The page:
You wouldn’t know it from the temperature and the couple inches of snow on the ground, but summer is just a few months away. Even for those of us who, out of modesty or just in deference to age, don’t wear bikinis or tank tops or mini skirts, the hot weather still brings with it a desire to wear more revealing clothing. Whether soaking up the sun poolside, or just doing our regular errands, those extra pounds that we layered on in the winter or over several winters can make summer a daunting proposition.

So when an old friend who is a health coach and now lives abroad suggested a 10 week spruce up for summer program, I was all-in. The beauty of the internet means that I am now part of a group of women living in Israel and in various parts of the United States – and apart from the fact that some are already sound asleep when I am figuring out dinner, you would never know the great physical distances between us as we start this journey together.

I have a generally healthy attitude toward food. I like to eat. I eat when I am hungry, and sometimes I eat just for the pure pleasure of the experience. And I like to eat both healthy food, and food that would not win any prizes in that department. I am not overweight, but a person of my relatively diminutive height would weigh about 15 pounds less in an ideal world. That being said, I have two issues with food that I would need to address. 

The first was identified when I went to Weight Watchers after the birth of my first child, some 18 years ago. When we described our eating habits to the leader, I was dubbed a “grazer.”  Putting aside the somewhat unflattering implicit reference to various farm animals, indeed, this is exactly what I am. Working from home, as I have done to some extent or another for years, I cruise through the kitchen, munching on whatever is within reach, all day long. When I am being careful, I make sure the bowls that dot my countertops are filled with dry roasted almonds or popcorn – when I am not, there are cookies or chips. My latest go-to snack is Parmesan cheese; a great hunk of it sits in my refrigerator, and I hack away at it, slowly but surely, savoring the sharp saltiness. 

The second is a certain preoccupation with food. Not in a disordered way, but more like an infatuation. It has always been that way for me. I remember well an incident when I was a teenager and a reporter for the school newspaper. We had organized a trip to Chicago, the city from which our faculty advisor hailed. He had regaled us with tales of deep-dish pizza over the days before the trip, and I could not get the upcoming meal off my mind. On the plane, I turned to a fellow student, a friend to this day, and asked, “aren’t you so excited about the deep dish pizza dinner?”  She looked at me like I had three heads, and calmly told me she had not given it a second thought. This was the first inkling I had that otherwise normal people just did not think about food the way that I did.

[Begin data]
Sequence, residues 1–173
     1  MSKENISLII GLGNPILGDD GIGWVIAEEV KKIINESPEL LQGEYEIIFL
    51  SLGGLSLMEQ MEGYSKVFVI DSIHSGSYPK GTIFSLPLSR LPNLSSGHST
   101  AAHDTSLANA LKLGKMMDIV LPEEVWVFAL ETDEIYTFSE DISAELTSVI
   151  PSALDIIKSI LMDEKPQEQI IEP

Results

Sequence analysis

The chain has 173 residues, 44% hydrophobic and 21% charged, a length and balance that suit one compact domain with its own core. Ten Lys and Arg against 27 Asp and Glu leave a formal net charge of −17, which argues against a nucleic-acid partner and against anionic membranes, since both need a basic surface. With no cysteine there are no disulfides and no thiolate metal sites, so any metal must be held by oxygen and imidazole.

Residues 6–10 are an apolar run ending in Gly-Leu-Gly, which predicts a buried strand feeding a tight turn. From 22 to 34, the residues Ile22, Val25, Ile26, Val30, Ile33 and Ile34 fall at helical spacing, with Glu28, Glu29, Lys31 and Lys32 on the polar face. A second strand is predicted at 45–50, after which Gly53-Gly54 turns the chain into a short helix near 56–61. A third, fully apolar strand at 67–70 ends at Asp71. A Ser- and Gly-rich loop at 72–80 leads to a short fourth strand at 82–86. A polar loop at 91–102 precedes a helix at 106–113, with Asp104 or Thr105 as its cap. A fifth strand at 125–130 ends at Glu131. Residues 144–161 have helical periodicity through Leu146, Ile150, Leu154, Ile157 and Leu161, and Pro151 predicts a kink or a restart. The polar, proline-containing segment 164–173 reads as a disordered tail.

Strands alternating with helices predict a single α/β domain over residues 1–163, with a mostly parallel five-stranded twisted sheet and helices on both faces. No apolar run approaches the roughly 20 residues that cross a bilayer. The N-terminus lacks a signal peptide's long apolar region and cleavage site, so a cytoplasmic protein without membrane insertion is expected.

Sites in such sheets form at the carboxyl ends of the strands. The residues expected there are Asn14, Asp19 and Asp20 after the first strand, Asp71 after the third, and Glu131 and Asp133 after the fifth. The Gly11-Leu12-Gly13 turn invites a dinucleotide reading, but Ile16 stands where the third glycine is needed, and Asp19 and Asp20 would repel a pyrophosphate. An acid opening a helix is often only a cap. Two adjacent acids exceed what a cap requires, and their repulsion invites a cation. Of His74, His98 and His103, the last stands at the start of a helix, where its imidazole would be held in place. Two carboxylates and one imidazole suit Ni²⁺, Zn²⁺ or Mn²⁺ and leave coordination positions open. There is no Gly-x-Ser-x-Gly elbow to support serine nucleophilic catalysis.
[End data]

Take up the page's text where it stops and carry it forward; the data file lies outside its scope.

When I think about my eating habits, it isn’t so much that I don’t know what to do, it is that I don’t want to do the thing that would be better for me. Again, this isn’t out of any kind of self-loathing; I just like what I like. Perhaps I suffer from what my coach calls “good enough-itis,” that feeling that, really, I am still at an okay weight, with a decent figure, and I can still climb a flight of stairs without gasping for air – isn’t that enough? Is it a sin that when I go into the restaurant, although I know I should order the salad, I want the burrito with guacamole, cheese, sour cream, refried beans, and rice stuffed inside? Isn’t it enough that I manage to ask for the whole-wheat tortilla?

What will these ten weeks bring? Well, yesterday’s most enlightening moment came with the suggested, but not mandatory, taking of the “before” photographs – my husband patiently trying to find the most flattering views – front, side, and back – of me in my bra and underwear. And to be truthful, although the results were motivating, they were not mortifying. There were some rolls of fat where I didn’t expect them, and when I stand with my legs together, they do not meet at calf, knee, and thigh, leaving the 3 diamonds of airspace that I recall from my youth. The picture from the back was more revealing of changes to my skin than changes to my shape. But, I am a 50-year-old woman, who has had two children. While the ten weeks will hopefully cause some noticeable improvements, only air brushing could really make these photos something on a different order.

Still, I am optimistic, and I have put into action a number of the pearls of wisdom from the first day of coaching. This morning I started off with a glass of cool water with half a lemon squeezed in; thank goodness, the coffee chaser was still allowed. I have counted out an appropriate number of almonds and put them in a little crystal dish, hoping to savor the snack all day. And for breakfast, I grated zucchini into my oatmeal – there’s something I never thought I would do. So while it still isn’t likely that I’ll choose the kale over the French fries anytime soon, at least I’ll try to have them both share my plate as the days grown longer and warmer.

Reyna Gentin

Reyna Marder Gentin lives with her husband and their teenage children in New York. She has been featured in Mamalode, Mothers Always Write and The Jewish Literary Journal. Reyna is working on her first novel.